Absolutely brilliant. The removal of random encounters is a godsend, Gambits are fun to work with, but can also be ignored should you so choose to, the Licence Board allows for excellent customisation of your characters, Espers aren't completely overpowered and so present a challenge in using effectively, and Quickenings are an excellent new idea, though probably won't ever appear again. The battle system is incredibly balanced, allowing you to fight battles in so many different ways, it's unbelievable.
| General Gameplay: |
The contiguous regions make traversing Ivalice a lot more fun and interesting, while the currency overhaul helps set a more realistic view of the land. The Bazaar system is maybe a bit finicky, but still very cool, while the Hunts are a supremely excellent addition to the game, adding a lot more things to do. The sidequests as a whole are pretty good fun and not especially annoying. There's always plenty to do and it's all very enjoyable doing so.
| Overall: |
An absolute classic, this game is a landmark for all RPGs to aspire to. While the story could have done with tightening up (Matsuno, come back please!), and the music was most definitely a letdown, the nigh-flawless battle system and general gameplay, couched in the excellent graphics really show what's possible in this genre. Here's hoping Nomura doesn't screw Square-Enix into the ground with Final Fantasy XIII, because things are certainly looking up for the Japanese company.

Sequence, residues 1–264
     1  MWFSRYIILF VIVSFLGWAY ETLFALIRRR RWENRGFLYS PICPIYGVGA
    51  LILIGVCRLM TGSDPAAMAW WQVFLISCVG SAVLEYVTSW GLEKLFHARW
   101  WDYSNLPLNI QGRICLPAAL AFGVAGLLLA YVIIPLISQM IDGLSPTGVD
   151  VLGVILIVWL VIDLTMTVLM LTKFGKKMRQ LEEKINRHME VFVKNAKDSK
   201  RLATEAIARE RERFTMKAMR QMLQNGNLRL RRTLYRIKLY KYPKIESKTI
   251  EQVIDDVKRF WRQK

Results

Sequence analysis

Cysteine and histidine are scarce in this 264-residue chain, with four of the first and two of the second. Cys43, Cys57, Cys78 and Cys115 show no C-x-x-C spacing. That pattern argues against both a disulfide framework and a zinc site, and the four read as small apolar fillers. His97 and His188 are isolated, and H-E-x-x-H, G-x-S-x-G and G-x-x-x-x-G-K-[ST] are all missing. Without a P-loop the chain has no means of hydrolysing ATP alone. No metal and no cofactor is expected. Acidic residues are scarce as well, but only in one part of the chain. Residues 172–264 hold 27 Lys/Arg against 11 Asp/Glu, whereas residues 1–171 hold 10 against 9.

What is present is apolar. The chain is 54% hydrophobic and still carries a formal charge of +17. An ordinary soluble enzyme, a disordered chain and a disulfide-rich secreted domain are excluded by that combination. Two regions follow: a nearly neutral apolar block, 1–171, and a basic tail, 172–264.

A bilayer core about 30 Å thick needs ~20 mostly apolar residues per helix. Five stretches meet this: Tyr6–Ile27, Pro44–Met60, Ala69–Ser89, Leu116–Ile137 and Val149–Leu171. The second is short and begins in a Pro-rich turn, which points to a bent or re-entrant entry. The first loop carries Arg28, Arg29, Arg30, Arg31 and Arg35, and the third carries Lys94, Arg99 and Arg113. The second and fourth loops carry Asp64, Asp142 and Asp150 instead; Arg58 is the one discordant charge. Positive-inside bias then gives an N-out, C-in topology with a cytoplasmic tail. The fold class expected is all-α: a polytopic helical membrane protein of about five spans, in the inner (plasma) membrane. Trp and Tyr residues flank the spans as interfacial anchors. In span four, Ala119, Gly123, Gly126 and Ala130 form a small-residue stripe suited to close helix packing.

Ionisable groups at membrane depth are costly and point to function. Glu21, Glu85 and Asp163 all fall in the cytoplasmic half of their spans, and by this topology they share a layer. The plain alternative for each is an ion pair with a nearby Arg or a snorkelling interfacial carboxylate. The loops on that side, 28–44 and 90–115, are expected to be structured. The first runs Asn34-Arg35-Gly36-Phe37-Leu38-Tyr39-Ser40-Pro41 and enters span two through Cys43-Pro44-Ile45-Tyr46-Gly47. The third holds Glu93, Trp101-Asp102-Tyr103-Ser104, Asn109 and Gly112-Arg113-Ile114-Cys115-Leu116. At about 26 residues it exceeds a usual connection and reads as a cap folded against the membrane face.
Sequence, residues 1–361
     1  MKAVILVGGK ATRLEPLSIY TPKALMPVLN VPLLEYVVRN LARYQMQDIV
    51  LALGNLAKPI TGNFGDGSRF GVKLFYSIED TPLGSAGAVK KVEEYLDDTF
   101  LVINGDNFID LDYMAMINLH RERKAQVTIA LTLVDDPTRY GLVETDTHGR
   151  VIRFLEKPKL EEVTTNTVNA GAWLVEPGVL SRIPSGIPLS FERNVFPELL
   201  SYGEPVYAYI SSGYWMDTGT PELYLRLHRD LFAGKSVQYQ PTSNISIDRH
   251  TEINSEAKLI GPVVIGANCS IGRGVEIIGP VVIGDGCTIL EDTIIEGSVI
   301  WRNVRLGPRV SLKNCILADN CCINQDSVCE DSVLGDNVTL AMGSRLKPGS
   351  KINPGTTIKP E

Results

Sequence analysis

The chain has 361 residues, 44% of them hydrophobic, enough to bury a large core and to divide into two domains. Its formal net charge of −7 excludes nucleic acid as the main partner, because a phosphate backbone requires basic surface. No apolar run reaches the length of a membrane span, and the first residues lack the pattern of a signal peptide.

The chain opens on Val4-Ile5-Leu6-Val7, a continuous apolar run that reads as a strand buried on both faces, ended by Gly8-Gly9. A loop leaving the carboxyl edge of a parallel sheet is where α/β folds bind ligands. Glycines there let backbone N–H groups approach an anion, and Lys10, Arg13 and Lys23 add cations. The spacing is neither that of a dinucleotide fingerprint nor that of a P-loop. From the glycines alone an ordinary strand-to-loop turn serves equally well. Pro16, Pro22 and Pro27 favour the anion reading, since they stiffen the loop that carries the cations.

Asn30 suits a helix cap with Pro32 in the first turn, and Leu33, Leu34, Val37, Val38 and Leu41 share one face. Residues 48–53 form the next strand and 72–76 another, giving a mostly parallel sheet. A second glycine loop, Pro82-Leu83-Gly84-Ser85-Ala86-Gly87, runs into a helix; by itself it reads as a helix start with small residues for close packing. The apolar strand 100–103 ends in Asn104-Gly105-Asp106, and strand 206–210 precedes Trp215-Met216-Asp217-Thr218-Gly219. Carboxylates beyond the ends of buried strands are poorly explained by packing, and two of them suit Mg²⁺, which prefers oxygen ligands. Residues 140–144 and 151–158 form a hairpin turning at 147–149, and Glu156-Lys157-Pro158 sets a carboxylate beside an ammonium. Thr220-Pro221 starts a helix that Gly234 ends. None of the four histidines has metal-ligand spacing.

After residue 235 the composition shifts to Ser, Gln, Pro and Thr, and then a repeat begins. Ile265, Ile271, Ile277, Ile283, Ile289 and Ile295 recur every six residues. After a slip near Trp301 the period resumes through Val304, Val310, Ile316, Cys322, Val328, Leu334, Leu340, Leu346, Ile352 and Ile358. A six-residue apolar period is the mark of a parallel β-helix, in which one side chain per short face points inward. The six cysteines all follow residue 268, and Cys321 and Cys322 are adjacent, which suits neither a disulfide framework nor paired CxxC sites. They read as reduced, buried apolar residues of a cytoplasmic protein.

For many, 2006 was an important year. It marked the arrival of what some fans felt to be the first real sequel to the FF series since 2001's Final Fantasy X. Granted Square-Enix gave us both the popular MMO Final Fantasy XI and the series first official game sequel, FFX-2; but many people were waiting for an original offline gaming experience filled with fantastic characters, fresh gameplay, and a memorable story. FFXII, by its own merit, was a game that took everyone by surprise. The Story:
FFXII is a prequel to its creators earlier work Final Fantasy Tactics, and is set in the world of Ivalice in a part of the world known as the Galtean Peninsula where four major powers meet: Rozarria, Archades, Nabradia, and Dalmasca. When the game opens we bear witness to a royal wedding between Princess Ashe of Dalmasca and Lord Rasler of Nabradia. Shortly after their wedding, the Archadian Empire invades and conquers Nabradia. Archades then turns its sights on Dalmasca. Calamity after calamity strikes and Dalmasca falls.